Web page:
While Fallbrook might not have a white Christmas this year, there are a few ways that families around the community can get into the holiday spirit. One such way is by creating traditions that are enjoyed year after year by the whole family.
The annual CAST Christmas production has become one of Fallbrook’s favorite Christmas traditions. After 25 years of holiday productions at Mission Theatre, CAST and Mission Theatre have allowed Fallbrook families to bring their children, grandchildren, and even great-grandchildren to local performances every December, effectively putting everyone in the Christmas spirit.
This year’s rendition of “Scrooge the Musical” is exactly what’s needed to thaw even the coldest of hearts. The adaptation of Charles Dickens’ “A Christmas Carol” is not unfamiliar to many in the area, as it’s one of the CAST’s most popular plays. As a matter of fact, many of the actors in the play have repeated roles from previous years’ productions, as being a part of “Scrooge” is just as big of a tradition as watching the performance.
Many of the cast have grown up being CAST members, so performing in the Christmas play is a rite of passage that they repeat year after year. For some, this is their debut into theater, and are just developing their passion for acting. Regardless, the entire team works tirelessly for months to prepare. For some, the entire family is a part of the production, whether it be as actors, dancers, or behind-the-scenes workers on the show.
Rich LaFetra embodies Ebenezer Scrooge, and is perfectly rude to his clerk Bob Cratchit, played by Chad Sinclair. As the audience watches Scrooge learn about the true meaning of Christmas, he meets endearing Tiny Tim, played by seven-year-old Austin Martin, along with a wide array of cast members. The comedic timing of the actors and emotional displays pull along the audience and leave everyone cheering at the end. It’d take a heart of stone not to feel happy by the end of the performance.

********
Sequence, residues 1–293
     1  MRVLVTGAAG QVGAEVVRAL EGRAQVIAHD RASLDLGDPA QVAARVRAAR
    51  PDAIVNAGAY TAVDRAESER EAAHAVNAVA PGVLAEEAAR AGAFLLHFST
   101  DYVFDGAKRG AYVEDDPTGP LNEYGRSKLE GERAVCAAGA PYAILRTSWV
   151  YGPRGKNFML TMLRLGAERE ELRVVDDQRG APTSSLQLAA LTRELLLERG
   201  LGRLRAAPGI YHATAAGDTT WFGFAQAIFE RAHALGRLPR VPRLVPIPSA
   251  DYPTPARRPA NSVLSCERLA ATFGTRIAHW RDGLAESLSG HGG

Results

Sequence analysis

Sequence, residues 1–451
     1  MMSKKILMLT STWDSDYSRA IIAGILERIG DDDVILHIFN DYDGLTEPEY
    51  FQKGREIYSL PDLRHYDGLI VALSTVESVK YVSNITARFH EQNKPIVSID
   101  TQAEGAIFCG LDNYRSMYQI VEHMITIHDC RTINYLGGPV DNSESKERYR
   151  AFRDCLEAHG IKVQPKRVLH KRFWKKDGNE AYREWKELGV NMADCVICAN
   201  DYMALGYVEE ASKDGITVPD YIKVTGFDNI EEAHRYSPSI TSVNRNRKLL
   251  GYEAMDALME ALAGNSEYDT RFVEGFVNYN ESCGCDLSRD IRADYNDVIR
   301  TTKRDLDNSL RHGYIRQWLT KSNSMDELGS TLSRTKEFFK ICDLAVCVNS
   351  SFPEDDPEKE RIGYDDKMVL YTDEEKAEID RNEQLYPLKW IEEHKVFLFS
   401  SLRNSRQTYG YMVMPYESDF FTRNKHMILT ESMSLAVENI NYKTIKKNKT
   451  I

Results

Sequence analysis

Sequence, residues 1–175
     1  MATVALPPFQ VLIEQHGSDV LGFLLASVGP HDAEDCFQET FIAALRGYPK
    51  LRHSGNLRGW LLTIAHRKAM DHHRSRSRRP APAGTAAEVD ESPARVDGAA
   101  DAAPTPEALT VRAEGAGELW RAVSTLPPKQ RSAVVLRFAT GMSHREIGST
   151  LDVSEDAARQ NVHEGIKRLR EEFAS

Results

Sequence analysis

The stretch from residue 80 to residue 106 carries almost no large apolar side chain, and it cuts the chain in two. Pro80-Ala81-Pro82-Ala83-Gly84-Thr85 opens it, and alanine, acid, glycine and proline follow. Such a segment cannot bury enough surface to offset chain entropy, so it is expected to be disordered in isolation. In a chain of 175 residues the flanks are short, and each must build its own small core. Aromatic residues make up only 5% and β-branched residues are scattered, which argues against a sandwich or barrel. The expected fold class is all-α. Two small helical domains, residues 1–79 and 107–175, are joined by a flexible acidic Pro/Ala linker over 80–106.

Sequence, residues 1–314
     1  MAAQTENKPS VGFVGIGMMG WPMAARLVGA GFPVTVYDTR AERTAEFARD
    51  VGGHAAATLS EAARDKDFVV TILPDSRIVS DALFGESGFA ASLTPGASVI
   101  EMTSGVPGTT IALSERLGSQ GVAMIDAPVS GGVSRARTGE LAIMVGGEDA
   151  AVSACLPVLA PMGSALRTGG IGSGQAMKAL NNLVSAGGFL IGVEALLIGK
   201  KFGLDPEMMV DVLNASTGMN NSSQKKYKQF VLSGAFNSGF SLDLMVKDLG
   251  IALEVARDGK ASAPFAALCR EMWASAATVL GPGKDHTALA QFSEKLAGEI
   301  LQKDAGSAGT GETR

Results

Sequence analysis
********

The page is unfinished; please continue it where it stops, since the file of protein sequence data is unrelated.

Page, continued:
The fact “Scrooge” showcases that such a wide display of talent is one of its appeals. The play doesn’t require just actors; it’s clear by looking at the rotating set that a talented production staff, led Oscar Escobedo, worked hard to transform the old theater’s stage into 19th Century London. Among the actors, talented singers are able to dazzle the audience, and ballet dancers twirl and spin with ease.
Director Jennifer Craw has done a fantastic job incorporating the various elements of theater needed to put together such a fun show. As families come into the community and look for ways to incorporate the community into their holiday traditions, recommend that they come see CAST’s “Scrooge.”
“Scrooge the Musical” will run at the Mission Theatre from December 9 to December 23. For more information on the performances or to buy tickets, go to www.missiontheater.com.